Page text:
The Ford Focus RS Is Too Cheap

The new Ford Fiesta ST hot hatch will for the first time be available with a Quaife mechanical limited-slip front differential like the one in the Focus RS limited-edition.

The optional Quaife LSD was announced in the lead-up to the European launch of the new Fiesta ST, which Ford has now also confirmed will come standard with patented ‘force vectoring’ rear suspension.

Both mechanical advances should provide the German-built pocket-rocket, which downsizes to a 1.5-litre turbo-petrol triple-cylinder that delivers tastier 147kW/290Nm outputs, with even more grip than the acclaimed model it replaces.

First revealed a year ago at the 2017 Geneva motor show, Ford’s third-generation Fiesta ST is based on the seventh-generation Ford Fiesta that won’t be sold in Australia.

However, as we’ve reported, while the superseded Fiesta – released back in 2009 — continues to be imported here from Thailand, the new Fiesta ST will come Down Under early next year.

That means the arch-rivalry between the Focus ST and Volkswagen Polo GTI – the new generation of which comes here in August as an automatic only – will continue for another generation at least.

Other pint-size hot-hatch rivals for the Fiesta ST include the Renault Clio RS and Peugeot 208 GTi.

In Europe, the MkIII Fiesta ST will be available in three-door and five-door form from May, both equipped exclusively with a six-speed manual transmission.

We expect Ford Australia to import a single, well-specified variant – perhaps only the three-door – fitted as standard with Europe’s optional Quaife LSD.

Conceived to reduce understeer and increase cornering grip by preventing the inside wheel from spinning during hard or early acceleration, the clever LSD has until now been reserved for Ford’s larger, more expensive Focus RS LE hot hatch.

“Performance car drivers will be familiar with the dreaded ‘one-wheel peel, where a fast corner exit is hampered by an overload of torque to the inside wheel,” said Leo Roeks, Ford Performance Europe director.

“We’ve tuned the all-new Fiesta ST’s mechanical LSD option to work seamlessly with enhanced Torque Vectoring Control to deliver the best possible natural traction without ‘burning away’ excess torque with brake interventions.”

While the new Fiesta ST remains front-wheel drive – unlike the all-wheel drive Focus RS – its other new development (this time standard) is a force-vectoring twist-beam rear suspension set-up.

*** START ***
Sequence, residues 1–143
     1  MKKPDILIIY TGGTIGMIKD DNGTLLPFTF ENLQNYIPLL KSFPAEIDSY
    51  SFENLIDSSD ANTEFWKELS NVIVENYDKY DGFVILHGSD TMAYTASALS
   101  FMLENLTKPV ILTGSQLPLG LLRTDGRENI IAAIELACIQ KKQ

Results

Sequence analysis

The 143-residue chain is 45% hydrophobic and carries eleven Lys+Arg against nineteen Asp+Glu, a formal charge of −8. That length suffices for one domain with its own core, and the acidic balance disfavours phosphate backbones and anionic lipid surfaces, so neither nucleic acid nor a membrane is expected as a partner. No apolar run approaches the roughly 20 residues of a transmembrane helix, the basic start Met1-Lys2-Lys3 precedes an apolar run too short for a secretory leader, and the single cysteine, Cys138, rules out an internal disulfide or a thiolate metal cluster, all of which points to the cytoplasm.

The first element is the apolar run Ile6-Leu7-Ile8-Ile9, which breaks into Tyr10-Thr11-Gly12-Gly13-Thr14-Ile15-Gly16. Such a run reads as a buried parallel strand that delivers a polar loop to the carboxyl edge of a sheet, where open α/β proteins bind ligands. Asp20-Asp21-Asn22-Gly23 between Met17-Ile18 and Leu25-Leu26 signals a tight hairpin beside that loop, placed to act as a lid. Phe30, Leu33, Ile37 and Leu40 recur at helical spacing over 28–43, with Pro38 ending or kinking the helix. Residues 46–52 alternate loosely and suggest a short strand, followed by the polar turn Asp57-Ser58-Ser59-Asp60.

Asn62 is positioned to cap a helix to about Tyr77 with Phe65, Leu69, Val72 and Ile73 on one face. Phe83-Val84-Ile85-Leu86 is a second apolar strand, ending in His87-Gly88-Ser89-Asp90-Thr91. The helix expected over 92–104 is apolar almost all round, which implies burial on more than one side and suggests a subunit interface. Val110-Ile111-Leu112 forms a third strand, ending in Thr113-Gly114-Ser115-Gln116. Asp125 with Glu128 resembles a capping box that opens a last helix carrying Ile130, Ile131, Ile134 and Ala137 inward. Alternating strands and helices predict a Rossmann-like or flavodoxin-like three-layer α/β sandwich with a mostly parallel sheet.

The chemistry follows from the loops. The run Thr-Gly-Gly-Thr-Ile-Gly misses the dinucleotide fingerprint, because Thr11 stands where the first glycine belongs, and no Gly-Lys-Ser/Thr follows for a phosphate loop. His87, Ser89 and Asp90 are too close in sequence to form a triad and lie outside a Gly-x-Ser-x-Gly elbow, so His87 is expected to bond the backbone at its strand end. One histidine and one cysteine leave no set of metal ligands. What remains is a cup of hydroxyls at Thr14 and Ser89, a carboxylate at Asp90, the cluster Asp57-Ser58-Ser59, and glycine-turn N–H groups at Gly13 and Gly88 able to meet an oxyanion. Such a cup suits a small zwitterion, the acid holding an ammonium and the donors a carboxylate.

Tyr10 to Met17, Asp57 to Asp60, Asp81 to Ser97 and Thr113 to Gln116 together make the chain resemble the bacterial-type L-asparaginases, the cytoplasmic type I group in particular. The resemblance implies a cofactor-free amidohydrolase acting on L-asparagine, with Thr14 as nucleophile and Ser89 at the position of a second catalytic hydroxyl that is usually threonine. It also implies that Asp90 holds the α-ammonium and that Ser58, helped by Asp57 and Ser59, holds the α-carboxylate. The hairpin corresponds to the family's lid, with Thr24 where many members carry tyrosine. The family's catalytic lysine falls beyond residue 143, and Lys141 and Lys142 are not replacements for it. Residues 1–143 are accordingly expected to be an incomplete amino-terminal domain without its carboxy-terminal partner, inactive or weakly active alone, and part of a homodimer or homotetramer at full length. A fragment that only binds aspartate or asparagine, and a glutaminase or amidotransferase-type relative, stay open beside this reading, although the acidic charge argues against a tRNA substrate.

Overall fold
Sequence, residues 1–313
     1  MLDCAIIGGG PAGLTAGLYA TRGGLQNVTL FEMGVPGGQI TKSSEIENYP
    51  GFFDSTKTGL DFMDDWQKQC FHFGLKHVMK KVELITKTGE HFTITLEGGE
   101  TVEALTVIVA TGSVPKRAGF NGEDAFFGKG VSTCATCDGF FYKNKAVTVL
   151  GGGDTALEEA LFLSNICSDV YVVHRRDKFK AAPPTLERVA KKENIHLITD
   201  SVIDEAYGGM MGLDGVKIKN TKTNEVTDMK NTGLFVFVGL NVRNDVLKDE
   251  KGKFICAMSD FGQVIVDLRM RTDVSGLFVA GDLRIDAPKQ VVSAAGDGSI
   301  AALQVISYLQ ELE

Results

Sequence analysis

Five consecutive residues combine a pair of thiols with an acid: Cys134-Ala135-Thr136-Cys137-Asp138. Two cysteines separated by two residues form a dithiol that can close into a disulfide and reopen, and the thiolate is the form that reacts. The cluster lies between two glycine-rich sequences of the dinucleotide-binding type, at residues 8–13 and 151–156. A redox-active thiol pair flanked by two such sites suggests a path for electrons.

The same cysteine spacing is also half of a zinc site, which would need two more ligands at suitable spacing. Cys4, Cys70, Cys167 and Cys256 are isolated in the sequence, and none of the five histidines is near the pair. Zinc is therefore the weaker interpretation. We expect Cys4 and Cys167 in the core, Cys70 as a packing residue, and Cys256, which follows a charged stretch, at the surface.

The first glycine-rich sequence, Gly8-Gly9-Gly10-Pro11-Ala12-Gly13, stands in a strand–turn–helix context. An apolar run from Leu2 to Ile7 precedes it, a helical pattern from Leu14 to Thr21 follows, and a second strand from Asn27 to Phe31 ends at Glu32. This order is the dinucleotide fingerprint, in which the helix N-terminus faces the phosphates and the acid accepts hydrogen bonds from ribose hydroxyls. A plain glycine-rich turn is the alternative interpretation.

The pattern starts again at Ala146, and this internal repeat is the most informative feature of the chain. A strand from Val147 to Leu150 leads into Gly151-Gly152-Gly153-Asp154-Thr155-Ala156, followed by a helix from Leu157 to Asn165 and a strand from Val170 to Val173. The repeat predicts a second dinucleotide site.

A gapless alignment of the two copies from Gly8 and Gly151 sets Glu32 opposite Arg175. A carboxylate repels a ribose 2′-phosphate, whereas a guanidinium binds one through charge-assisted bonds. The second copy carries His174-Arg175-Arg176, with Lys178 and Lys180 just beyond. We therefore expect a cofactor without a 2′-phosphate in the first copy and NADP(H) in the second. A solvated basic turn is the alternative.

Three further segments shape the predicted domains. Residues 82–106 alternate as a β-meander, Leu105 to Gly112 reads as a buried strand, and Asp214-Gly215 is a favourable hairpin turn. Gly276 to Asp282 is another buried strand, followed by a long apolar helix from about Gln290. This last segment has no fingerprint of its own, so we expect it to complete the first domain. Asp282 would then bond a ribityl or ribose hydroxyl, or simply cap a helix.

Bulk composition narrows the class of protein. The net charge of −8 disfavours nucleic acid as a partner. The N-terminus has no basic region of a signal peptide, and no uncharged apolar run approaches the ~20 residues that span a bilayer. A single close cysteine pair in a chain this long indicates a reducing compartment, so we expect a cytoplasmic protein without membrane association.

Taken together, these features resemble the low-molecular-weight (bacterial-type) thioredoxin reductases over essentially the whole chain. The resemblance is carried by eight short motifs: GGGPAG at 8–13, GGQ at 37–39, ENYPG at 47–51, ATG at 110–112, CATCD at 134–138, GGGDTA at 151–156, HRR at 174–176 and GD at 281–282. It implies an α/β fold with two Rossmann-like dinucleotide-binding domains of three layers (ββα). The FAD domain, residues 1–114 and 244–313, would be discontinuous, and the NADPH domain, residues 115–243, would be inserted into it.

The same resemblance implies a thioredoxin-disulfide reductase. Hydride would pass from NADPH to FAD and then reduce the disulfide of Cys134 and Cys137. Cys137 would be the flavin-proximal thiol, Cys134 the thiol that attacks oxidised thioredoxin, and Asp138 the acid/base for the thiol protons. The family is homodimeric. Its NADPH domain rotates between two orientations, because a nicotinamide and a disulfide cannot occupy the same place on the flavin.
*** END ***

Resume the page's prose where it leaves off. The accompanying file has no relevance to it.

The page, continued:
Patented by Ford, it works by using non-uniform directionally-wound springs that allow “cornering forces to travel directly into the spring, for increased lateral stiffness”, says Ford Performance.

It claims this new rear suspension system saves around 10kg compared to a Watts linkage arrangement and also delivers improved reactions to turn-in, directional changes and general steering input.

Roeks said the new suspension configuration took a lot of trial-and-error to perfect.

“We went through three times the normal number of suspension iterations to find a set-up that delivered the exciting driving experience demanded of an ST model, but also comfort and refinement for everyday driving.”

As we know, the next Fiesta ST will come with standard, sport and race modes, as well as a special launch control system like the Focus RS.

Claimed to deliver “consistently fast standing-starts on track”, the latter enables the new Fiesta ST to hit 100km/h two-tenths more quickly in 6.5 seconds, and reach its formidable 230km/h top speed more quickly too.

As in the Focus RS, the driver simply engages launch control, engages first gear, stomps on the throttle and then side-steps the clutch pedal.

The car does the rest, dialling in the optimum amount of torque, traction/stability control and torque vectoring to maximise traction and acceleration to smash out consistently fast launches.

There’s also a special graphical overlay in the instrument binnacle, which houses a 6250rpm-redline tacho.

Other unique Fiesta RS features include a branded flat-bottom steering wheel and Recaro sports front seats, plus uprated brakes and wheels.

Meantime, Ford’s bigger, roomier, safer and higher-tech Mk7 Fiesta went on sale in Europe last year with new driver-assist and connectivity technologies, but won’t be sold in Australia because it will only be made in Germany for now, making mainstream variants too expensive.

The superseded Fiesta – the fourth generation sold in Australia, where it replaced the Festiva – continues to be built in Brazil, Argentina, Mexico, China, India, South Africa and Thailand, from where Ford Australia has sourced its light-car since December 2010.

Ford says the existing Fiesta, which is now nine years old and last updated in July 2013, will continue to soldier on indefinitely in Australia, where sales were down more than 43 per cent last year to just 1550, making it the 10th most popular car in its class.

In contrast, the Fiesta has been the most popular model bar none in the UK for the past eight years, and became the country’s best-selling vehicle nameplate of all time in July 2014 with more than four million sold.

It also remains one of Europe’s top-sellers and Ford’s third most successful model globally, behind the F-Series and Escort, with more than 16 million sales over 40 years since 1976.

Ford’s outgoing Fiesta ST model is a true giant-killer and remains one of the best bang-for-your-buck hot hatches on the market.

Priced at $27,490, the current Ford Fiesta ST is powered by a 1.6-litre turbo-four and came fifth outright in’s inaugural Australia’s Best Driver’s Car (ABDC) in 2015.

Source :